Frontier Airlines Fails To Deliver Unaccompanied Minor, Threatens To Turn Him Over To Child Protective Services

By | January 3, 2012

Paying a fee to check your bag doesn’t guarantee that your bag arrives on time.  So why should paying an unaccompanied minor fee guarantee that your child is treated properly?  10 year old  Adrian Opsahl was returning from visiting his father in Denver to San Diego on Frontier Airlines when his plane made an unscheduled stop in Las Vegas due to a medical emergency.  The plane was then stranded on the ground due to fog in San Diego for an extended period.

Row of Frontier Airplanes at Denver Internatio...

At no point did the airline contact any emergency numbers provided by the family to apprise them of the situation.  Finally, Adrian turned on his cell phone and alerted his family.  When his family finally reached the gate agent, they were given two choices: Adrian could return to Denver, or, if he wasn’t picked up by family in Las Vegas within 30 minutes, he would be turned over to Child Protective Services. When Adrian’s aunt stated that the child should not be turned over to CPS, the gate agent hung up and had him flown back to Denver without the family’s consent or knowledge.  The family says had they been told earlier the child was in Las Vegas, they would have been able to have someone meet him there.  Adrian was flown to San Diego the following morning, but the incident raises some disturbing questions. Frontier Airlines has , as of yet, not responded to reporters’ inquiries.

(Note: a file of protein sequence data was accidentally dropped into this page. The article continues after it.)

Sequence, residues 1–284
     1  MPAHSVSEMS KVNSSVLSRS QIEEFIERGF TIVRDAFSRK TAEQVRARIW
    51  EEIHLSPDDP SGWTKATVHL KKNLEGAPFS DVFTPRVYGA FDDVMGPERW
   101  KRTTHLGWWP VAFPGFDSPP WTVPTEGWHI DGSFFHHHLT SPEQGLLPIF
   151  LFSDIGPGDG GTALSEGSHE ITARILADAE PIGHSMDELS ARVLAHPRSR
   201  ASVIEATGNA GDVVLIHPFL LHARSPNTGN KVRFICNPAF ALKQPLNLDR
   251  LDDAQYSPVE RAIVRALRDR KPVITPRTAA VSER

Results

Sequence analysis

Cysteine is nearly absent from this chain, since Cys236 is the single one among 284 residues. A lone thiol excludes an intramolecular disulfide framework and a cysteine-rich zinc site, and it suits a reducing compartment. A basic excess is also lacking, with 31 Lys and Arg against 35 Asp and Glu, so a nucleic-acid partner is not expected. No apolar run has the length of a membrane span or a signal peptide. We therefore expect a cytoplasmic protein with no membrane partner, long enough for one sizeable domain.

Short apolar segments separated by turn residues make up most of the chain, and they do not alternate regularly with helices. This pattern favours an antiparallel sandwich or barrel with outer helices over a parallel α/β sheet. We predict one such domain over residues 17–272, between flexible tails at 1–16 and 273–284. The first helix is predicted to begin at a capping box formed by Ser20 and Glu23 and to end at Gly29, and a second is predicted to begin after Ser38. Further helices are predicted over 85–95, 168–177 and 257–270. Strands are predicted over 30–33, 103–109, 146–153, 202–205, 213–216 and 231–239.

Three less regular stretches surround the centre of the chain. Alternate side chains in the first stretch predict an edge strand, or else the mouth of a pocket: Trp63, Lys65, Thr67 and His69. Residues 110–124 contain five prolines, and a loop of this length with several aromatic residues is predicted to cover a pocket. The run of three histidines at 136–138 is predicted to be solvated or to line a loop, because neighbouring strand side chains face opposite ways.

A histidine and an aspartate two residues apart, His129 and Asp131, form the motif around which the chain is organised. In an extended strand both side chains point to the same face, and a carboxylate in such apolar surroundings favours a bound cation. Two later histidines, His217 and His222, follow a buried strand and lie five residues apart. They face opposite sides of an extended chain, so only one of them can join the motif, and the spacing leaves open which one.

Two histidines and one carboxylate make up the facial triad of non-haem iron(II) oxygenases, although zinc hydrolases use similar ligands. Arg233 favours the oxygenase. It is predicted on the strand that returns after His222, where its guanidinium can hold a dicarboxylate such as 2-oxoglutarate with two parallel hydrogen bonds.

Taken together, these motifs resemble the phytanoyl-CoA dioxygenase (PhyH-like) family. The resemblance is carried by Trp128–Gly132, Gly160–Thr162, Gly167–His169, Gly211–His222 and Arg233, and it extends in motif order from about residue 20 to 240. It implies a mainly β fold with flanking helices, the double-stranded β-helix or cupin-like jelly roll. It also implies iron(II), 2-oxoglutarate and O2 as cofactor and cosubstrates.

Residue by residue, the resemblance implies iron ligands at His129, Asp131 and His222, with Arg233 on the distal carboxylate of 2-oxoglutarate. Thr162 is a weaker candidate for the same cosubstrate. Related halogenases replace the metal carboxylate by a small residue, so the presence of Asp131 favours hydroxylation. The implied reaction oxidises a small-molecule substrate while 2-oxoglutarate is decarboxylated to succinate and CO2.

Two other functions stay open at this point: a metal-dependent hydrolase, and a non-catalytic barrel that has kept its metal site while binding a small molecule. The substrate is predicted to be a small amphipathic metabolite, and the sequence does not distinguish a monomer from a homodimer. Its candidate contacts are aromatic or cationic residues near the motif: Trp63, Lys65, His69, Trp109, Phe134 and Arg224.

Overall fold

If airlines are going to be taking fees for accompanying unaccompanied minors, they must have systems in place to deal with adverse events.

What is the plan for communicating delays and changes to family? Airlines should have a clear procedure in place to proactively inform family of any, changes, delays or issues that arise. Communication should be made as soon as possible, and when choices need to be made, family should be given adequate time to consider their options.

What is the plan if child is stranded in transit? In this instance, the child was returned to his destination, but what is the airlines plan for supervising and caring for a child who is stranded, as Adrian would have been if no flights to Denver had been departing that evening?  Child protective services cannot be the answer; the airline must have a reasonable response plan to provide a chaperone to the child as well as to ensure they are fed and cared for.

What procedures are followed to ensure that the child reaches the correct destination? Periodically, stories are reported of unaccompanied minors being routed to the wrong city.  This is eminently avoidable and should not be possible in a modern airline system.

By providing an unaccompanied minor program, airlines are taking responsibility for vulnerable children and must ensure that they have adequate systems, support and contingency planning for the safety and well-being of the child.